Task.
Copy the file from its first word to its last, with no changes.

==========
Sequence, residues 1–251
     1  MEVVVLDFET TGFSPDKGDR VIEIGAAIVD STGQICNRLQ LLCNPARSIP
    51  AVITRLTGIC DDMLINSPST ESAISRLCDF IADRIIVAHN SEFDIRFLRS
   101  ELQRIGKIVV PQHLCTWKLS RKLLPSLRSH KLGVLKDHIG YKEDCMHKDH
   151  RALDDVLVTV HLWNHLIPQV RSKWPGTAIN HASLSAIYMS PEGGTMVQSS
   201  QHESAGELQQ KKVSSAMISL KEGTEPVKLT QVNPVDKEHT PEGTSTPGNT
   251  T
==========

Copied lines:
Sequence, residues 1–251
     1  MEVVVLDFET TGFSPDKGDR VIEIGAAIVD STGQICNRLQ LLCNPARSIP
    51  AVITRLTGIC DDMLINSPST ESAISRLCDF IADRIIVAHN SEFDIRFLRS
   101  ELQRIGKIVV PQHLCTWKLS RKLLPSLRSH KLGVLKDHIG YKEDCMHKDH
   151  RALDDVLVTV HLWNHLIPQV RSKWPGTAIN HASLSAIYMS PEGGTMVQSS
   201  QHESAGELQQ KKVSSAMISL KEGTEPVKLT QVNPVDKEHT PEGTSTPGNT
   251  T